If you are a more serious runner and want to improve your speed and stamina, then you have probably heard of the phrase ‘Tempo Run’.
The mere mention of it can send shivers down the spine of runners who have them as part of their weekly training schedule.
The biggest challenge for most runners at race pace is maintaining a constant speed while at the same time struggling with the effort of the pace. This is where the speed and fast running of tempo training come in. This doesn’t mean that you have to run like Usain Bolt for a few seconds but does mean that you need to develop speed endurance, i.e. the ability to maintain a fast pace for an extended period of time. Yes! This is possible with the right type of training.
Just to iron-out a common misconception, a tempo run is not a race pace run. The two couldn’t be more different, however, learning how to incorporate tempo runs well into your training schedule can give you long-term adaptations to hard training and excellent benefits in races.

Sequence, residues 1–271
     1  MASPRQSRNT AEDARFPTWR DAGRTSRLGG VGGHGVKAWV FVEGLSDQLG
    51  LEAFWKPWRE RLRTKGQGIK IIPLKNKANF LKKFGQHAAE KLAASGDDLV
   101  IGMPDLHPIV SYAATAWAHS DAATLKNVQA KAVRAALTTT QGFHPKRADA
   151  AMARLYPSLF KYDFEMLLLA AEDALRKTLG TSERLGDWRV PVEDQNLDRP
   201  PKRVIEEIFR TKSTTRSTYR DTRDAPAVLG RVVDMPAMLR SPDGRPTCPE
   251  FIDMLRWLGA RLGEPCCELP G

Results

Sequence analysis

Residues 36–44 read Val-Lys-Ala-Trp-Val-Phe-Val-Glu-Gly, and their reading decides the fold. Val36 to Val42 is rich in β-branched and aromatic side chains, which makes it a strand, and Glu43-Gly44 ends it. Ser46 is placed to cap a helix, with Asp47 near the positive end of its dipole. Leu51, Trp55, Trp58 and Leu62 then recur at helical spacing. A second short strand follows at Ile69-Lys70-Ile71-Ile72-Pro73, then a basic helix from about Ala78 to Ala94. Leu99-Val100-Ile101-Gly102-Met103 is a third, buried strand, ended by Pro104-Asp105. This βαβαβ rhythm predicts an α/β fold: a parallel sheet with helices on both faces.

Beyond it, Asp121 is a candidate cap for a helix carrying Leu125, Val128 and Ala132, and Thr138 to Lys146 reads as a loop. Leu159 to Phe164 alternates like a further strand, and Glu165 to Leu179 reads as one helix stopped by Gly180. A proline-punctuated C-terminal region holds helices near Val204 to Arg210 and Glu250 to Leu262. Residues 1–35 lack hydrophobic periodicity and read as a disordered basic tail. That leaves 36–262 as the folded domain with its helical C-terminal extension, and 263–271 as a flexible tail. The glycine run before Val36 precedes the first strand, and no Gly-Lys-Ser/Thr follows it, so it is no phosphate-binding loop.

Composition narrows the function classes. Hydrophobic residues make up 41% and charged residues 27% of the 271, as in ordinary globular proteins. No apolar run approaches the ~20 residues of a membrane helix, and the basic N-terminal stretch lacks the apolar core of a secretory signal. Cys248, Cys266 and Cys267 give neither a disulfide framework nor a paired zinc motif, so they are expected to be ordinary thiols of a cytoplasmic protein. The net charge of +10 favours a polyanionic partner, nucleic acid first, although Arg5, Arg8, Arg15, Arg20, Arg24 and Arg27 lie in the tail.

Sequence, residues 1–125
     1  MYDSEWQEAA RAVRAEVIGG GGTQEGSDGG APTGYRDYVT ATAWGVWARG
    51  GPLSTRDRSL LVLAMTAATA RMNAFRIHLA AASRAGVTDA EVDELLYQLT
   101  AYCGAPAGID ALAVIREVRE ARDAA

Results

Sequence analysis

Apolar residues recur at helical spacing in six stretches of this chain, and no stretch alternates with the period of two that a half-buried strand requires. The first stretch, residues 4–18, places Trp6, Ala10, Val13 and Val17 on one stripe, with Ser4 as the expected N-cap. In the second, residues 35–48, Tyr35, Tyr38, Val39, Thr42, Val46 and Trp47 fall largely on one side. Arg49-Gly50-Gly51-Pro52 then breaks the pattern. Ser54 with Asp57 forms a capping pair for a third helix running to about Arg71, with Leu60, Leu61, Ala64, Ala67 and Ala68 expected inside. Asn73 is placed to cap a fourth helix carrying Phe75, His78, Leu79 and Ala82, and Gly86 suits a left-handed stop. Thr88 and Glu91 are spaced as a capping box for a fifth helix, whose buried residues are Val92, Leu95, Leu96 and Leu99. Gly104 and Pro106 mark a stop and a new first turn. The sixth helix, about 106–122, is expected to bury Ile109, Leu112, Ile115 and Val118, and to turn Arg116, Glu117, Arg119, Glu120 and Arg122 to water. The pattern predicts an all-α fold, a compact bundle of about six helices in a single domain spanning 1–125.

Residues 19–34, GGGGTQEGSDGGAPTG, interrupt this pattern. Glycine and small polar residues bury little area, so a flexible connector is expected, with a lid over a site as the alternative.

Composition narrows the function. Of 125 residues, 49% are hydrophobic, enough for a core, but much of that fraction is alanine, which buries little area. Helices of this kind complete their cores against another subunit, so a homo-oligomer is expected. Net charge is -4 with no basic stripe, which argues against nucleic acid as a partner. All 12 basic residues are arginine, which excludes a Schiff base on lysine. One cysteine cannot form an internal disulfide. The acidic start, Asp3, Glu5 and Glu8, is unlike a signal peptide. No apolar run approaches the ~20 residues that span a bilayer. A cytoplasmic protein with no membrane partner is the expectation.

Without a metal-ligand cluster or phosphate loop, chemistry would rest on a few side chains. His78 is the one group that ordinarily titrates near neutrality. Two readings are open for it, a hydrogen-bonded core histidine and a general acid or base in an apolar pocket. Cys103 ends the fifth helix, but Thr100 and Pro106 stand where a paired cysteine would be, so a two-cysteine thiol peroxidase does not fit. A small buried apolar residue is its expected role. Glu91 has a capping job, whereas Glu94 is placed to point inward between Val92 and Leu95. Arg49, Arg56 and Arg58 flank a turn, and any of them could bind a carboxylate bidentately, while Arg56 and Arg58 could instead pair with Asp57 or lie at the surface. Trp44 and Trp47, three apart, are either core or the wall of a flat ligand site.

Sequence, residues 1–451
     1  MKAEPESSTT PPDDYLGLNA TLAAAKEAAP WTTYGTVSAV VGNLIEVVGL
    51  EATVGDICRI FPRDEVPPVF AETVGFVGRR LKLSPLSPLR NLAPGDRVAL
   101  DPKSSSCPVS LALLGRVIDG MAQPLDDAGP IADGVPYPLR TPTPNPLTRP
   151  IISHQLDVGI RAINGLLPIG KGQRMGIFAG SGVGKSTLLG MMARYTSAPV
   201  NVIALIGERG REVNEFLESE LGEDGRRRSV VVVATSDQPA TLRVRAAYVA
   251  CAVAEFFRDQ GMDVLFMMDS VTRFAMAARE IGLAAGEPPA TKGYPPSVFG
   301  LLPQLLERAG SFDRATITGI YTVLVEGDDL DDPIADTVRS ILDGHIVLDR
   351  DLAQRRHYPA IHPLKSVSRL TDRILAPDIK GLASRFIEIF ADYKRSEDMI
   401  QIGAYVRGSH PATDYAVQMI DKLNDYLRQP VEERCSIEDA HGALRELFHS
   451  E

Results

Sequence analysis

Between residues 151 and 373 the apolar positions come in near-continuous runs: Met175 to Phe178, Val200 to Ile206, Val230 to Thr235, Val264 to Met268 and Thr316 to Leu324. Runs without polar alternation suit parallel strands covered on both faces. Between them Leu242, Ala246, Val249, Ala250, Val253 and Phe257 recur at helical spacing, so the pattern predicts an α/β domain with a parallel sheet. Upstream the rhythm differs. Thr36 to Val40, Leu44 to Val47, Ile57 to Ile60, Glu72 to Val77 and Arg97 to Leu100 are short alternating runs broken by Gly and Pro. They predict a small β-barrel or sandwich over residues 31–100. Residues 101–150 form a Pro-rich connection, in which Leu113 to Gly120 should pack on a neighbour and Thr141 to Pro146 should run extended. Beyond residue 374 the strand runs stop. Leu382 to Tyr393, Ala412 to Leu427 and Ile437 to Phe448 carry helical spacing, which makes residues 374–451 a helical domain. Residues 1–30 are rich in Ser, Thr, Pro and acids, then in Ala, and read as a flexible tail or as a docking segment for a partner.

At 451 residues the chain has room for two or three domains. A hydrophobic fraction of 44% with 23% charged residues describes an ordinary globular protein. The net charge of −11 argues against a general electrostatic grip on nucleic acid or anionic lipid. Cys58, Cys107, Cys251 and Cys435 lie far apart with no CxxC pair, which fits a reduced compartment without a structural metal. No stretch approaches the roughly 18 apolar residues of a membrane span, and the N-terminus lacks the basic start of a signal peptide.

So, what is a true tempo pace run?
The phrase ‘tempo run’ came from running coach Dr Jack Daniels who coined the term in his fascinating book called Daniels’ Running Formula, where he explained that your tempo run pace should be 25 to 30 seconds per mile slower than your current 5k race pace. If you want to know how to get your 5k race pace from, then join in the Park Run series on a Saturday morning all over the world, or find your nearest 5k race where you live. Take a look at the Park Run website and see your nearest 5k.
Tempo runs are also called sustained runs, anaerobic threshold or lactate-threshold runs, because they are hard and run at the level at which your body is able to clear as much lactic acid – the by-product of metabolising carbohydrates. They should be run at a high enough level to clear the same amount of lactic acid as is produced.
How do you know?
Well! If you are building too much lactic acid and not clearing it fast enough, then you will be forced to stop by legs that just will not run anymore. You may even feel light headed and sick. If this occurs, don’t merely stop running but jog very slowly and it will clear faster.